Wikipedia has a good writeup for the free particle. The Hamiltonian for a free particle with fixed momentum $\mathbf{p}$ is $\mathcal{H} = \mathbf{p}^2/2m$ (the potential is zero). Eigenstates of this Hamiltonian are plane-waves in position-space (that is, their wavefunctions oscillate throughout space and time): $$ \psi(\mathbf{x}, t) = Ae^{i(\mathbf{x}\cdot\mathbf{p}-Et)/\hbar} $$ that means that the probability distribution is simply: $$ \left|\psi(\mathbf{x},t)\right|^2 = \left|A\right|^2 $$ which is a constant independent of position $\mathbf{x}$. Note that this wavefunction cannot be renormalized to unity, but the takeaway is that the particle is equally likely to be anywhere. This is consistent with the uncertainty princple: since we specified $\mathbf{p}$ exactly ($\sigma_p=0$), the uncertainty in position is infinite.

For more complex systems, the Hamiltonian is not always exactly known; this is often the case in multi-particle systems, such as atoms. In still other cases, the Hamiltonian is known but cannot be solved analytically.

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  • $\begingroup$ For a free particle in space with zero potential, what formula would represent the probability distribution derived from the Schrodinger equation? $\endgroup$ – user40229 Feb 13 '14 at 2:13
  • $\begingroup$ I've updated my answer to include more detail about the free particle case. Let me know if it's still unclear. $\endgroup$ – chase Feb 13 '14 at 2:33
  • $\begingroup$ Thank you. If we measure the particle position to $\Delta x$ giving uncertainty in momentum $\Delta P = \hbar/(2 \Delta x)$ - then what would be the corresponding probability distributions? $\endgroup$ – user40229 Feb 13 '14 at 2:42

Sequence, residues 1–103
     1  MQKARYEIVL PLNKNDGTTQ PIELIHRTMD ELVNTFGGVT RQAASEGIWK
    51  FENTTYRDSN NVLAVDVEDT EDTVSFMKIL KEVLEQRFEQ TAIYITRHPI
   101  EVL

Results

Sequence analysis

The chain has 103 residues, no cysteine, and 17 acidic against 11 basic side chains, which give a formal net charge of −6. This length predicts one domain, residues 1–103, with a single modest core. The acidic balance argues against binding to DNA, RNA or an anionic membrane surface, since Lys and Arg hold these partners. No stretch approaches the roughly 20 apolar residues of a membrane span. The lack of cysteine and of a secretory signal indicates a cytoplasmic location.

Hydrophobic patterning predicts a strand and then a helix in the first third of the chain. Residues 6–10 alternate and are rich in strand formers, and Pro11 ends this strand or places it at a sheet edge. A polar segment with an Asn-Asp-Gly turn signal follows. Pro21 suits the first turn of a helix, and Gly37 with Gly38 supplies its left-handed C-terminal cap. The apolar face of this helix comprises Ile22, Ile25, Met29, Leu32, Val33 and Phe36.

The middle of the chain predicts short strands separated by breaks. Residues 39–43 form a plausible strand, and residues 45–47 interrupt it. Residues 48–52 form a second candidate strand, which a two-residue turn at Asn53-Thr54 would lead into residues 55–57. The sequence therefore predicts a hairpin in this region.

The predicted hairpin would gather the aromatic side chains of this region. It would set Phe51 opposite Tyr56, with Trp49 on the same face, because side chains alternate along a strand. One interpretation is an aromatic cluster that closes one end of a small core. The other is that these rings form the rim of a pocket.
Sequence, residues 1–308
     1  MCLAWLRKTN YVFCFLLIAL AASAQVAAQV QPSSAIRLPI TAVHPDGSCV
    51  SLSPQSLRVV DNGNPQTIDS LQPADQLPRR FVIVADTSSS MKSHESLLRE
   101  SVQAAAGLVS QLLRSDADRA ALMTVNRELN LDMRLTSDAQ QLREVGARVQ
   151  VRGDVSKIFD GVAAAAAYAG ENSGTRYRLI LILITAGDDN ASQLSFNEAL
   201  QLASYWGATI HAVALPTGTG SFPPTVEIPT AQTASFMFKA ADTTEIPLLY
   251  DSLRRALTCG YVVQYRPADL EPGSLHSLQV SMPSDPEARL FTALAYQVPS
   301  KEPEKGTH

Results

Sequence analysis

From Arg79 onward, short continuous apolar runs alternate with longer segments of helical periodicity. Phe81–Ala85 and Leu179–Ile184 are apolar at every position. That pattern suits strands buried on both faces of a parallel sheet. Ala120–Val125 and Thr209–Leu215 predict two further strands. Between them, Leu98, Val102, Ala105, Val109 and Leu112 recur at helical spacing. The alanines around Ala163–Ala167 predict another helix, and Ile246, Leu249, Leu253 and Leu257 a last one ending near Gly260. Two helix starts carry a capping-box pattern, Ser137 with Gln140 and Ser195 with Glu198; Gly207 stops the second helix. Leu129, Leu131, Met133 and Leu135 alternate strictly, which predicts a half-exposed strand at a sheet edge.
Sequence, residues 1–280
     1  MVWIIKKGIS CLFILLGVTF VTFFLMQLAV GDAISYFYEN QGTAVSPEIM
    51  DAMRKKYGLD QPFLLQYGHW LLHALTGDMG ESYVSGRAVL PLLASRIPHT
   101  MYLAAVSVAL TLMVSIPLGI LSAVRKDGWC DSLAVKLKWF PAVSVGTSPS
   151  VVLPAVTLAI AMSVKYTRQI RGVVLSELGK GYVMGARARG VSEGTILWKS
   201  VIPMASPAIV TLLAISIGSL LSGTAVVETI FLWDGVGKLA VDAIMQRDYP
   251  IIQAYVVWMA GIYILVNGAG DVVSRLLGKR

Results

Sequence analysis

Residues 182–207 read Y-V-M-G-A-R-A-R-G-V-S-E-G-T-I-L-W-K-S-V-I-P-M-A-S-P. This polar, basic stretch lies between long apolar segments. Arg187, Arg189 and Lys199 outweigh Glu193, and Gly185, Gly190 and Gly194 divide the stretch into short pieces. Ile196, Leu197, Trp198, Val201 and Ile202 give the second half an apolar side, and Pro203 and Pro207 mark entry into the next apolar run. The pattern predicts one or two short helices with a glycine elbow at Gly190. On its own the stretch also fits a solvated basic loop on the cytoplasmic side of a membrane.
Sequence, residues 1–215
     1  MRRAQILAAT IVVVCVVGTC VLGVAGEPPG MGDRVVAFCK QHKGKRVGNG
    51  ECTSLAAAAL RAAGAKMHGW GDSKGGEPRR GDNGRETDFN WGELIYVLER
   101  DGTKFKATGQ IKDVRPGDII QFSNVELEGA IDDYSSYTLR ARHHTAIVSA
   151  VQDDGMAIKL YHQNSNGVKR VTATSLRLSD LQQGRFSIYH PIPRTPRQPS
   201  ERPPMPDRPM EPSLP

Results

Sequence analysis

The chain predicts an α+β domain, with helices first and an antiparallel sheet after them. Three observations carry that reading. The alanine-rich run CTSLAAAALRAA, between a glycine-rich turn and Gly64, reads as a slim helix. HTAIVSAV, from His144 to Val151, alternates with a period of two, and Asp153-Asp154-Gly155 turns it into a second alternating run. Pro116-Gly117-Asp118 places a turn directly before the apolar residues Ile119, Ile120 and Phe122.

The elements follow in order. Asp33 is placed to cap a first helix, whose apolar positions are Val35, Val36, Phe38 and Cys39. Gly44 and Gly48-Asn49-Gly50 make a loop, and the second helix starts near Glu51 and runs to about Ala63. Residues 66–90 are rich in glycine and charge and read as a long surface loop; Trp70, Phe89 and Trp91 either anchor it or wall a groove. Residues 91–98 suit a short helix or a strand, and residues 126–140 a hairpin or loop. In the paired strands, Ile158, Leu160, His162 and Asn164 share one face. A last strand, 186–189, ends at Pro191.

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It is not correct that the probability distribution of $x$ and $p$ are Gaussian in general.

Take a simple system of a particle moving in some potential $V(x)$.

The probability distribution of $x$ is the square of the wave-function $\Psi(x)$ of the particle, i.e. the probability of finding your particle in $[x,x+dx]$ is $|\Psi(x)|^2dx$.

The probability distribution of $p$ is the square of the momentum-space wave-function $\Psi(p) = \int dx \Psi(x) e^{ipx}$ (the Fourier transform of $\Psi(x)$).

It is only when the wave-function $\Psi(x)$ is a Gaussian that the uncertainty principle is minimized, i.e. $\sigma_x \sigma_p = \frac{\hbar}{2}$. See (http://en.wikipedia.org/wiki/Fourier_transform#Uncertainty_principle) for a proof that $\frac{\hbar}{2}$ is the lower limit.

Now why exactly the Gaussian? To minimize the uncertainty product we need a wave-function that is sufficiently well localized both in both real space and Fourier space. If we squeeze a function in real space and it broadens in Fourier space and vice versa. The Gaussian happens to be the unique function that maintains its 'shape' when Fourier transformed, i.e. the Fourier transform of a Gaussian (with variance $\sigma^2$) is just another Gaussian (with variance $1/(4\sigma^2)$) and the product of variance (uncertainty) remains a constant independent of $\sigma$.

Finally, there exist many systems where the uncertainty principle is not minimized. The simplest example is a 'particle in a box' (http://en.wikipedia.org/wiki/Particle_in_a_box). Here the ground state has $\sigma_x\sigma_p = \frac{\hbar}{2} \times \sqrt{\frac{\pi^2}{3}-2}$

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  • $\begingroup$ Thank you. For example, a gas in a box at a given temperature and pressure, what can we say about the average uncertainty in position and momentum of the particles? What would be the average probability distributions for position and momentum of the gas atoms? $\endgroup$ – user40229 Feb 13 '14 at 4:15
  • $\begingroup$ That will depend on how the particles are interacting with each other. I have not seen such a calculation before. The UP is not that interesting for such large systems as we don't really measure or talk about individual atoms when we have a gas: its macroscopic quantities like pressure and temperature that count. Anyway, if the particles don't interact (collide), then the total wave-function is just the product of the individual wave-functions and we have the same uncertainty relation for each of the gas-particles as for the single particle in a box. $\endgroup$ – Winther Feb 13 '14 at 4:30